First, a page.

National Environmental Standards

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National Environmental Standards

In 2004, the Ministry for the Environment published national environmental standards in relation to air quality.

These standards set limits for five common air pollutants.

Pollutant Averaging time period Maximum allowable concentration Number of allowable exceedances
Carbon monoxide 8 hours 10 mg/m3 1
Nitrogen dioxide 1 hour 200 μg/m3 9
Ozone 1 hour 150 μg/m3 0
Sulphur dioxide 1 hour 350 μg/m3 9
1 hour 570 μg/m3 0
PM10 1 day 50 μg/m3 1

The national environmental standards also:

  • Ban activities that discharge significant amounts of dioxins and other toxics into the air
  • Require all new wood burners installed in urban areas to meet a design standard
  • Require landfills with over one million tonnes of refuse to collect greenhouse gas emissions

For further information on these standards, see the Ministry for the Environment website, under 'air quality standards'.

Go to Ministry for the Environment.

The national environmental air quality standards for PM10 were amended in April 2011. The main changes are:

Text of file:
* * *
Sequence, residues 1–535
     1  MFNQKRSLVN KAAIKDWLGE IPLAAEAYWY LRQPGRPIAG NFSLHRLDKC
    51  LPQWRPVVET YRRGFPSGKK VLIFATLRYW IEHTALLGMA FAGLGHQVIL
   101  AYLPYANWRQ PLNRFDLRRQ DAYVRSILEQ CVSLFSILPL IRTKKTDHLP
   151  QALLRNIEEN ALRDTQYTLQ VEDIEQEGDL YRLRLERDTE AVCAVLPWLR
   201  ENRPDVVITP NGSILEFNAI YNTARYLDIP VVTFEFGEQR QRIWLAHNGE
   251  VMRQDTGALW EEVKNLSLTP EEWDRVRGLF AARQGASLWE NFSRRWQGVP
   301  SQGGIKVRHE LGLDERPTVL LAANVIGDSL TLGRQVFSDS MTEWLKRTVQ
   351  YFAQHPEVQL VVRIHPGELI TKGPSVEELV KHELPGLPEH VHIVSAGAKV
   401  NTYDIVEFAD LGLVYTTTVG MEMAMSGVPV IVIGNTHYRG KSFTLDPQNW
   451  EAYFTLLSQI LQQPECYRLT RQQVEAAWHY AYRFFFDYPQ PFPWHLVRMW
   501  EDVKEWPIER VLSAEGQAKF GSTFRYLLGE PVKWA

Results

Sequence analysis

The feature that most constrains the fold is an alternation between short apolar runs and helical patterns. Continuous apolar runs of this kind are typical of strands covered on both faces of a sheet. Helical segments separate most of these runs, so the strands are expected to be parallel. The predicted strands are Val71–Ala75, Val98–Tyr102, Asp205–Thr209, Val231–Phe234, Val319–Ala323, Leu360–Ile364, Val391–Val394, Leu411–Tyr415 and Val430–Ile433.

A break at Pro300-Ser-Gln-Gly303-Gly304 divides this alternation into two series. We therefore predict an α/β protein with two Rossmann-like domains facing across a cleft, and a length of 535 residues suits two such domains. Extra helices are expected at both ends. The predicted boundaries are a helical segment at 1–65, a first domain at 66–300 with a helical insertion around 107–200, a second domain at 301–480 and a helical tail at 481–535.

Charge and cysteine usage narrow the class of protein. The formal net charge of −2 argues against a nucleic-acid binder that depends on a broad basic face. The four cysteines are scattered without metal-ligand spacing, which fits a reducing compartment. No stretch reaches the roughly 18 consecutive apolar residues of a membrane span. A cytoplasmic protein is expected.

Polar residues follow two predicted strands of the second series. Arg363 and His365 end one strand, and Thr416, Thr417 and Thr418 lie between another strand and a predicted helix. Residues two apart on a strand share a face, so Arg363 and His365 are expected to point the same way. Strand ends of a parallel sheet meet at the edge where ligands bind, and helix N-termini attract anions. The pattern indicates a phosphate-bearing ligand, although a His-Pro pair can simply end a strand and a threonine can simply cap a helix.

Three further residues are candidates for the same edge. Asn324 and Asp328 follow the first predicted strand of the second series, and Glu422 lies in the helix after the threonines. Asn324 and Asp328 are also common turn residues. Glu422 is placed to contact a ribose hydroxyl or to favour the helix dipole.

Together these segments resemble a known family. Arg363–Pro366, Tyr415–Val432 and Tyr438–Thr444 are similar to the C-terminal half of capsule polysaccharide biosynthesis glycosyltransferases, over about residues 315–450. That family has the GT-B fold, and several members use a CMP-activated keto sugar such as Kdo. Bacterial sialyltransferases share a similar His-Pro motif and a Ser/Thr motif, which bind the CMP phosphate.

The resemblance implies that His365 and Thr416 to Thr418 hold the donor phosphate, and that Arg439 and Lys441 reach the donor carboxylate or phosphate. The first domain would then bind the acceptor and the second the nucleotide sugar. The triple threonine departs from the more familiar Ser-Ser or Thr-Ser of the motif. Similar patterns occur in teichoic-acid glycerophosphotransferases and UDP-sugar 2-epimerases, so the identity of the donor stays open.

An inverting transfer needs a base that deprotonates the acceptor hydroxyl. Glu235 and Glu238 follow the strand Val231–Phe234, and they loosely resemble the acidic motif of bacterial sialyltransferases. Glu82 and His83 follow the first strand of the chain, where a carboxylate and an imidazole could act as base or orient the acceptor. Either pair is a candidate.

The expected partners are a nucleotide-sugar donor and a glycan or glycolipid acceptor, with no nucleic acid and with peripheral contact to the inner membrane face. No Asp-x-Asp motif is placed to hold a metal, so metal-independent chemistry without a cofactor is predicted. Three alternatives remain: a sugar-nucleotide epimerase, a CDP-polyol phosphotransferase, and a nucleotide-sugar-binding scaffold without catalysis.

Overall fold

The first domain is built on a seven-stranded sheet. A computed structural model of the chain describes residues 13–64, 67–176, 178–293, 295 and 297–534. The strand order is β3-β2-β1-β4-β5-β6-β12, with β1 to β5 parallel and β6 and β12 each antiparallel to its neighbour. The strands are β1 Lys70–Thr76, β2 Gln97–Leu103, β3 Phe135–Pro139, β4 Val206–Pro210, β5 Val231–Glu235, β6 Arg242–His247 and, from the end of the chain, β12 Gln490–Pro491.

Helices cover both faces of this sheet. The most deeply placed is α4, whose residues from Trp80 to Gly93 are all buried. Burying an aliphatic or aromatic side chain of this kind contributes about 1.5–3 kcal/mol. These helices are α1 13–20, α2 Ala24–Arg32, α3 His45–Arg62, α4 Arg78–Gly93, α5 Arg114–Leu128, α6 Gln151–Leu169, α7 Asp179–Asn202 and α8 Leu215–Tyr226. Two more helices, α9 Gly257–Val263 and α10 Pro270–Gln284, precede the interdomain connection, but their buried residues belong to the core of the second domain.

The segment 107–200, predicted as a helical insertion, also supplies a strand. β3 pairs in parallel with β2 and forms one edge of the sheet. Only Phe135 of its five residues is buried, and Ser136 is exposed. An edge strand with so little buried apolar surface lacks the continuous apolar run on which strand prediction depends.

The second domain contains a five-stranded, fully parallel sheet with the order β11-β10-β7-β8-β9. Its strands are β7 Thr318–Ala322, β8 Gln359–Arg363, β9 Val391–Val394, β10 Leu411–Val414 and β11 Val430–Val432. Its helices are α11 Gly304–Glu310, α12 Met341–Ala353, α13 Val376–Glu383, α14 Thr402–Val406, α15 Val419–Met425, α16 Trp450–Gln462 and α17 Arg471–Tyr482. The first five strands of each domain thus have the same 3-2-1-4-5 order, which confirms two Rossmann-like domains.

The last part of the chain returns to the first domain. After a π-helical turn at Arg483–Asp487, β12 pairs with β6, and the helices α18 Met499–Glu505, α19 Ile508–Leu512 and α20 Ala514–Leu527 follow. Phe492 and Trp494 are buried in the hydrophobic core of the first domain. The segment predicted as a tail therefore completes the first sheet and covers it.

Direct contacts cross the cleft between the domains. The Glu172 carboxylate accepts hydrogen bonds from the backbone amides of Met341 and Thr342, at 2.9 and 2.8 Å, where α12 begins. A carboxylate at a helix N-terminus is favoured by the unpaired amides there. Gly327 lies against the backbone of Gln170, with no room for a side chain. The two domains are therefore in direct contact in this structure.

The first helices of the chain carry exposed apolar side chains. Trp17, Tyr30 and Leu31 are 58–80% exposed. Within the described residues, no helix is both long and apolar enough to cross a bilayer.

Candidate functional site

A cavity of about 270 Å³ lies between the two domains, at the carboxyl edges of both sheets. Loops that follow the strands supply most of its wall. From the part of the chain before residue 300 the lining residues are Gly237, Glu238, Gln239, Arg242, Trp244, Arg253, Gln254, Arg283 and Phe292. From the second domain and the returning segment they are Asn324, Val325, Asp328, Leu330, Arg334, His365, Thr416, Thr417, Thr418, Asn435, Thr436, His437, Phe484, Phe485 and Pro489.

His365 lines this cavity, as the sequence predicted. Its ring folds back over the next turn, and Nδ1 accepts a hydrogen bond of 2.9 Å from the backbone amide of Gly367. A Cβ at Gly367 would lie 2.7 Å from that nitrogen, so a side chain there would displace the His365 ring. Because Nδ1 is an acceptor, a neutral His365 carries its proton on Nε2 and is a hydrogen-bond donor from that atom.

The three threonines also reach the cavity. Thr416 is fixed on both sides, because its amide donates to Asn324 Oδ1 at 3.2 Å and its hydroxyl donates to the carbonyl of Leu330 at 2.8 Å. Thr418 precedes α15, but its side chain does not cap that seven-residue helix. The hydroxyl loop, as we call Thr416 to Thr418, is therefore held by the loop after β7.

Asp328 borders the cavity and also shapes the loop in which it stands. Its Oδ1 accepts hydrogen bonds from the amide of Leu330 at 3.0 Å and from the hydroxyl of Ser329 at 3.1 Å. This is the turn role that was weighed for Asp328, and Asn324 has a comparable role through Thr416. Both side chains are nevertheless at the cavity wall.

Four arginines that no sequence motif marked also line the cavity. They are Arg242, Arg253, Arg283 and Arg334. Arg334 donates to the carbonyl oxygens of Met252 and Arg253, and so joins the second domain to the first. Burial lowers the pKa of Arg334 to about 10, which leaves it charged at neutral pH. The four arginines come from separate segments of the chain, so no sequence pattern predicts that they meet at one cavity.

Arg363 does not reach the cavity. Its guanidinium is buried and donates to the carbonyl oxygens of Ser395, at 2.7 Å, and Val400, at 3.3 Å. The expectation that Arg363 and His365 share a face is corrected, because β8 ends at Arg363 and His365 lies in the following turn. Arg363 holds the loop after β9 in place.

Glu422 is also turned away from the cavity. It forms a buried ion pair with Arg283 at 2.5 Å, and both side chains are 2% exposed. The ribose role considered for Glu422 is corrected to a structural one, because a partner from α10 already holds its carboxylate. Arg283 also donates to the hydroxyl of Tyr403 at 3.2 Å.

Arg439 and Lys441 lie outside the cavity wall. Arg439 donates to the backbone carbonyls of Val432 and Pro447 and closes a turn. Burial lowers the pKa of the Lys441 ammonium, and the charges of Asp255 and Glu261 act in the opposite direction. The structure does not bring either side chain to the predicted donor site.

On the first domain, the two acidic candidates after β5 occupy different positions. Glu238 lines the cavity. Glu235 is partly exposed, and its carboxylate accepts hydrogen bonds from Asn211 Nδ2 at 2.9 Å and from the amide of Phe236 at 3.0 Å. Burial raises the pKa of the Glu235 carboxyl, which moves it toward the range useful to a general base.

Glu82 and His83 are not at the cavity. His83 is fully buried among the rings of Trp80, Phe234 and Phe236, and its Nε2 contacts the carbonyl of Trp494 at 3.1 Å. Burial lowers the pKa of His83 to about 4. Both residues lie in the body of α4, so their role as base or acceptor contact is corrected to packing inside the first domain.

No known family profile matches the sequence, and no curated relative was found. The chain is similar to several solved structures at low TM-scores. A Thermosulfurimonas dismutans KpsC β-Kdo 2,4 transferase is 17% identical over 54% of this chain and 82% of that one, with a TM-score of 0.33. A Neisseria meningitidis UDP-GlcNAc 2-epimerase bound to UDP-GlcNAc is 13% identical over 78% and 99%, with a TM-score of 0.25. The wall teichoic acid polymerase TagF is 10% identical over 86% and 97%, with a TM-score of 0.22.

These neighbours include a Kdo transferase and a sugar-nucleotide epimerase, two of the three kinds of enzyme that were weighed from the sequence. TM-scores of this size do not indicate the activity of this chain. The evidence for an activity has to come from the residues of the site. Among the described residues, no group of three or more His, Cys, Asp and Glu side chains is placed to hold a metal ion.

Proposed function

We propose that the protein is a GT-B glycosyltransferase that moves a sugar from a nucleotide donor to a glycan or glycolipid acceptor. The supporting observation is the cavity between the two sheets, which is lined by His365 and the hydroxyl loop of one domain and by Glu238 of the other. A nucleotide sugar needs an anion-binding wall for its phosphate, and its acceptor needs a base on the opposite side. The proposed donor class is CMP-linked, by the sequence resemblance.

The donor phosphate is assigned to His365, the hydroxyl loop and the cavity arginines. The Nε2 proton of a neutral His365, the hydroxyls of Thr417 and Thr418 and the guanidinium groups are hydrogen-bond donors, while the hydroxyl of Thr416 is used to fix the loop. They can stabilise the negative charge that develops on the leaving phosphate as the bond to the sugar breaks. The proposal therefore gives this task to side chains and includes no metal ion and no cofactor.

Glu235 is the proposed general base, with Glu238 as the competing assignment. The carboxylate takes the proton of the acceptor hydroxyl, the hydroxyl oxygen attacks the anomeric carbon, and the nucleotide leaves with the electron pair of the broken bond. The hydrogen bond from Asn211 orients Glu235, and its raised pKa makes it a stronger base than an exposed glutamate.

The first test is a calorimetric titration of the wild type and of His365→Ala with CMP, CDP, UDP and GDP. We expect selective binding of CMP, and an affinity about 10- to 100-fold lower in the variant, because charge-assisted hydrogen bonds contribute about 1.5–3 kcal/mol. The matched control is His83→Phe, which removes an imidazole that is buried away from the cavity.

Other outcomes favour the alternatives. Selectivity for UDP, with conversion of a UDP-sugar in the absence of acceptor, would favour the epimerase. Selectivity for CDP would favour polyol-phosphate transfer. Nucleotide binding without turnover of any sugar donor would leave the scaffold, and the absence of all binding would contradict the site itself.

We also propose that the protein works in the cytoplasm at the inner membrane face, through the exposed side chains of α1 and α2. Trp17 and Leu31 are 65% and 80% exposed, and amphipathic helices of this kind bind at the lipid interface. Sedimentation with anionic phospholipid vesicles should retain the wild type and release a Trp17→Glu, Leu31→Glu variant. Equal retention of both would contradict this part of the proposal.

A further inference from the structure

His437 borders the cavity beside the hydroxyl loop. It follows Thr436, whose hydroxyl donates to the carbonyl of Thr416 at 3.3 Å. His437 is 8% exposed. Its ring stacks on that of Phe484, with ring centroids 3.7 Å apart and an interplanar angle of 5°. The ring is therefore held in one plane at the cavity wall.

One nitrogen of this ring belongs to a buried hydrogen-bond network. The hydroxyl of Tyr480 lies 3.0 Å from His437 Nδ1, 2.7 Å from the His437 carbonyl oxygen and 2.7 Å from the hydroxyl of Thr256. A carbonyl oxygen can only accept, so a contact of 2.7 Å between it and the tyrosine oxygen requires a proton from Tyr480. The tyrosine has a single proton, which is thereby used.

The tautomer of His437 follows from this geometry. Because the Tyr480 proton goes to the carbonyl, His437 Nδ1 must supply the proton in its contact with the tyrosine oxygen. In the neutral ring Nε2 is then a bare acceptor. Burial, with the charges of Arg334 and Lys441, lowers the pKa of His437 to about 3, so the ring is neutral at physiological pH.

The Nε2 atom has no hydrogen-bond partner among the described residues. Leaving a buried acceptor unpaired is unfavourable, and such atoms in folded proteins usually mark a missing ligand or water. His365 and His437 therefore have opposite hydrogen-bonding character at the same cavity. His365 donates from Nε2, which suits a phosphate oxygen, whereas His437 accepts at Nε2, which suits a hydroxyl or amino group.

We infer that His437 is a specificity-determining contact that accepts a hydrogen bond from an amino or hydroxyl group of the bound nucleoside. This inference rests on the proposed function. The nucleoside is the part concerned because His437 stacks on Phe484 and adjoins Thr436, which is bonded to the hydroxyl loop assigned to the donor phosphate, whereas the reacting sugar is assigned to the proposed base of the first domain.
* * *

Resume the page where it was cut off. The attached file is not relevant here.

• Extending the target date for councils to comply to 2016 for polluted airsheds and 2020 for heavily polluted airsheds to meet the ambient PM10 standard. Blenheim is considered a ‘polluted’ airshed and so will need to comply with the standards by 2016.
  • Allowances will be made for ‘exceptional’ events such as dust storms, volcanic eruptions etc. Such events will be required to be notified to the Ministry for the Environment for exclusion when assessing compliance with the standard.
  • From September 2012, new industries which contribute significantly to the PM10 load in polluted airsheds will be required to have offsets to mitigate against their overall contribution to the PM10 load within the airshed. This requirement replaces the current restrictions on industrial consents.
  • A ban on new open fires in homes in polluted airsheds from September 2012.
  • Airsheds

    In 2005, regional councils were required to outline urban areas which either were, or were likely, to exceed the national environmental standards (NES) for PM10.